Home > CFA Level 1 > Fiscal policy tools and their advantages/disadvantages

Tools available with governments in implementing fiscal policy include government spending and taxes.

## Government spending

Government spending has different forms including transfer payments, current government spending, and capital expenditure. Transfer payments are welfare payments made by the government to provide a basic income level to low-income households. They may be used to redistribute income in an economy. However, they are not part of the government expenditure component of GDP. Current government spending refers to expenditure on providing regular recurring goods and services such as healthcare, education, etc. Capital expenditures are expenditures on infrastructure and physical capital.

Purpose of government spending include (a) provision of services, such as defense which benefits all citizens equally, (b) create infrastructure necessary for growth, (c) guarantee minimum income by redistributing income and wealth, (d) achieve objectives of sustainable growth and low inflation, and (e) subsidize high-risk innovation.

## Taxation

Government revenues are mainly in the form of direct and indirect taxes. Direct taxes include personal income tax, social insurance tax, corporate tax, capital gains tax, property tax, inheritance tax, etc. Indirect taxes are taxes levied on consumption, such as sales tax, value-added tax. These may have social and environmental considerations.

## Principles of tax policy

Economists believe that tax policy should have the following attributes:

• Simplicity, which means that the final liability should be certain, and compliance should be easy.
• Efficiency, which means that taxation should interfere as little as possible with the choice consumers make. While most economists accept a limited role for taxation in guiding consumer choices, some argue that governments are ill-equipped to decide on objectives.
• Fairness, which means that people in similar situations should pay the same tax (horizontal equity), and that richer people should pay more taxes (vertical equity).
• Revenue sufficiency, which means that revenue should be sufficient, but it may conflict with the objectives of efficiency and fairness.

Indirect taxes can be adjusted as soon as they are announced, and they affect consumer behavior and increase government revenue almost immediately. Similarly, social policies can be changed almost instantly.

Direct taxes and transfer payments can be changed only when a considerable notice is given because individuals and companies need to adjust for the changes. However, the announcement itself may have an effect. Similarly, government spending has a large time lag, i.e. it takes a lot of time in approving and formulating capital spending plans.

Government spending has a bigger impact on aggregate demand than tax cuts. However, if the tax cuts are directed at the poorest of society, those who spend all their income, they are far more effective.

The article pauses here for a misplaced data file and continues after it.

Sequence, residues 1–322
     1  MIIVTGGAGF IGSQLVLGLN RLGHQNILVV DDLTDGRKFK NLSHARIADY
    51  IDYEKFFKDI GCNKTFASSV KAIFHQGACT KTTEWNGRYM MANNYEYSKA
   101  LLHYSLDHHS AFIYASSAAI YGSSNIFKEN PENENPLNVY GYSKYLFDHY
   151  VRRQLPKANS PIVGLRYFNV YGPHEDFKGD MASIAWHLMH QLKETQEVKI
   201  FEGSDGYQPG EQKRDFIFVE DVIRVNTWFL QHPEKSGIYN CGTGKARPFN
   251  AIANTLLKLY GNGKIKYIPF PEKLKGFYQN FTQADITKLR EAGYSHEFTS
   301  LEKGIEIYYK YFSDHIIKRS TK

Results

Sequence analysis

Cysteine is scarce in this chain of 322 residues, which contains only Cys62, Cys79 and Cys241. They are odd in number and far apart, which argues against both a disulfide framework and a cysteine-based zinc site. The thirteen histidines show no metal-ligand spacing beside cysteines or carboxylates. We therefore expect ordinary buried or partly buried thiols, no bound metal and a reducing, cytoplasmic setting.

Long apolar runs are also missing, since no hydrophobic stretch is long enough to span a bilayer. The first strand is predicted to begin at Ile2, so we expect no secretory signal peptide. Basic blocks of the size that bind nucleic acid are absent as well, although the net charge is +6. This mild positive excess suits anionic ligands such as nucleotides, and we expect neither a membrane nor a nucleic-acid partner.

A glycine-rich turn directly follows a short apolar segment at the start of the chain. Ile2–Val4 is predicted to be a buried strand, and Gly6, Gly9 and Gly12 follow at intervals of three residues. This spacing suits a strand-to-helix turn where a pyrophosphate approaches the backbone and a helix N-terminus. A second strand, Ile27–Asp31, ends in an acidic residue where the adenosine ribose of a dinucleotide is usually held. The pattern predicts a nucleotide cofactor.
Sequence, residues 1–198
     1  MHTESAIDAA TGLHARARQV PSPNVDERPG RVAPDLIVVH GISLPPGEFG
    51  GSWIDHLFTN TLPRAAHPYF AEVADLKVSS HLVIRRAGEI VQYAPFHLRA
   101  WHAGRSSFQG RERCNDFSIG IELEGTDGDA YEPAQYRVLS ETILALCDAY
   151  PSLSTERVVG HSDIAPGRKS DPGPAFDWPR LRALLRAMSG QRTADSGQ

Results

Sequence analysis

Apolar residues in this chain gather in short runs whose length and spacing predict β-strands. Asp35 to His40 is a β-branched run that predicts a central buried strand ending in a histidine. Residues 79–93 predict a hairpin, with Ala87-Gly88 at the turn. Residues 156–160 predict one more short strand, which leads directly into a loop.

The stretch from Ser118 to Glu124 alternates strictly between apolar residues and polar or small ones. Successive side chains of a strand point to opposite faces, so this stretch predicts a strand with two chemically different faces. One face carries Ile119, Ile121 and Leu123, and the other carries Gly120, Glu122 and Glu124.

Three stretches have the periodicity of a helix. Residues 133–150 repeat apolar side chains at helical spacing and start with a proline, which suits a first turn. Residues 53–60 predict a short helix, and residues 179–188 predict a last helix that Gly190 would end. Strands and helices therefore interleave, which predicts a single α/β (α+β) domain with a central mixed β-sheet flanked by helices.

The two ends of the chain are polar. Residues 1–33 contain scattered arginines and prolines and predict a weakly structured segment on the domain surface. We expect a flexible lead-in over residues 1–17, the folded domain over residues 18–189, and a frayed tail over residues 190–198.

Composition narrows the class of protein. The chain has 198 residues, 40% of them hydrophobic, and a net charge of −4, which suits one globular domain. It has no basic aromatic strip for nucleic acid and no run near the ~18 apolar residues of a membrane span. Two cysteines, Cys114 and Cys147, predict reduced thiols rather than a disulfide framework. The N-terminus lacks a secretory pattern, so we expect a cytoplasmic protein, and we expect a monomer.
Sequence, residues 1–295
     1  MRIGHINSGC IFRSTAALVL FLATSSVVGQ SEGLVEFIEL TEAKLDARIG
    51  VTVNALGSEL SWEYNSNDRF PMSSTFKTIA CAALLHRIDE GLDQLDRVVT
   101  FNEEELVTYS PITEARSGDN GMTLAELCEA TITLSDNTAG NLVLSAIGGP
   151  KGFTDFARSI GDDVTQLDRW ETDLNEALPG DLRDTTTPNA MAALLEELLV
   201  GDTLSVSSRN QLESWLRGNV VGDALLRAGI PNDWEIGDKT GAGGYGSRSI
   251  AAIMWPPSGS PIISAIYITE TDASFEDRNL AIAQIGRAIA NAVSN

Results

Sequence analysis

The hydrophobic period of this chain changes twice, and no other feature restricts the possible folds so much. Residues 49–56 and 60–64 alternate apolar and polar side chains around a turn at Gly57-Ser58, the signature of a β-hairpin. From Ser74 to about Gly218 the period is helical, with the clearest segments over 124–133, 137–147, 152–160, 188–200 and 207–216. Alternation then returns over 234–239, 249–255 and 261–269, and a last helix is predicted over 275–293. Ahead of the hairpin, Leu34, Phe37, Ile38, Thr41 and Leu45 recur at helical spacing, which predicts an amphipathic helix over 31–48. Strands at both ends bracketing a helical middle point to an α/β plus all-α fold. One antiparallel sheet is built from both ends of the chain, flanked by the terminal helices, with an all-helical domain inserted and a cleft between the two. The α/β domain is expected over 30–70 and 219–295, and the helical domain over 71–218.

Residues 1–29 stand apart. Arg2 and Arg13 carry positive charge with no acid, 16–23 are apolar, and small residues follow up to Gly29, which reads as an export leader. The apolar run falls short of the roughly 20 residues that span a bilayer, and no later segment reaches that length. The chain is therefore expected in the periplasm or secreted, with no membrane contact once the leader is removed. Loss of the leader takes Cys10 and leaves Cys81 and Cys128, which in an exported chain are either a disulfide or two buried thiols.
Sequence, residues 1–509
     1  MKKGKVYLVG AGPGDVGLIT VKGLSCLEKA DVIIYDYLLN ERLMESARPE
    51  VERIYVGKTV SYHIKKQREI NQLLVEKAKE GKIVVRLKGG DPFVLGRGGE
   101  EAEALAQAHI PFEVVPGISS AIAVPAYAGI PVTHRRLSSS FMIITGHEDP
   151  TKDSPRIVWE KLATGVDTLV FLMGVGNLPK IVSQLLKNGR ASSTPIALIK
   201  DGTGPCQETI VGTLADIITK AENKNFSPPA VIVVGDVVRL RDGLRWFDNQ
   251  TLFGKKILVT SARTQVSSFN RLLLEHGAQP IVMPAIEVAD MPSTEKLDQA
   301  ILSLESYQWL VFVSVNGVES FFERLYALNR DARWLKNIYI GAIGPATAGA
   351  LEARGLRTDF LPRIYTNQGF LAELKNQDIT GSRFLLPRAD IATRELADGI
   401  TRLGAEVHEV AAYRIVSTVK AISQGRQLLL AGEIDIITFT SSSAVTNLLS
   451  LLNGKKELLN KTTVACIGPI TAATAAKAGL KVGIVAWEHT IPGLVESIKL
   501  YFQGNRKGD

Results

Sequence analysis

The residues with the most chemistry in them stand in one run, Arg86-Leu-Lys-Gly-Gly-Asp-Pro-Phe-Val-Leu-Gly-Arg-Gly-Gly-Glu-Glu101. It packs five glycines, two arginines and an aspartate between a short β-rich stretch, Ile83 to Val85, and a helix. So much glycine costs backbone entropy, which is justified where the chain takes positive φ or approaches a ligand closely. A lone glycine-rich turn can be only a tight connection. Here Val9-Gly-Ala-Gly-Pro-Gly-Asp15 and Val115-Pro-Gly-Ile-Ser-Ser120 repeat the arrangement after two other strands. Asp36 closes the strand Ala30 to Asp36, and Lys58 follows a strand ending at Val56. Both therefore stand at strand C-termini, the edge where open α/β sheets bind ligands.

An assessment of whether the fiscal policy tools will be effective can be carried out using the multiplier effect.

## The fiscal multiplier

The fiscal multiplier is the ratio of change in equilibrium output to an exogenous change in spending. When government spending changes by $1, consumers consume an amount c, called the marginal propensity to consume, and saving an amount equal to 1 – c, which is called marginal propensity to consume. The amount c spent by consumers become incomes of some other agents who consume (1 – c)c and save the rest. This way, just like the process of money creation, the initial stimulus of$1 increases total income/output by 1/(1 – c). This is called the multiplier effect. The calculation of multiplier ignores any changes in prices.

Since the household income also depends on taxes, a more comprehensive multiplier also includes the effect of taxes. Disposable income equals (1 – t) × Y, where t is the net tax rate and Y is total income. Hence, a \$1 increase in government spending G would increase disposable income by (1 – t) and if the marginal propensity to consume is c, the change in consumption would be c × (1 – t). Hence, we define fiscal multiplier as per the following expression:

$Fiscal\ Multiplier=\frac{1}{1-c\times(1-t)}$

## Balanced budget multiplier

When a government increases its spending and finance it with an equivalent amount of taxes, it still has a multiplier effect called the balanced budget multiplier. It occurs because when the marginal propensity to consume is less than one, any decrease in disposable income due to higher taxes reduces spending by a lower amount.

However, when a government decreases taxes and increases its deficit, according to the Ricardian equivalence, if people recognize that the government must raise taxes in the future to finance the deficit and they would save for that increased tax. Hence, there would be no change in consumption due to tax cuts.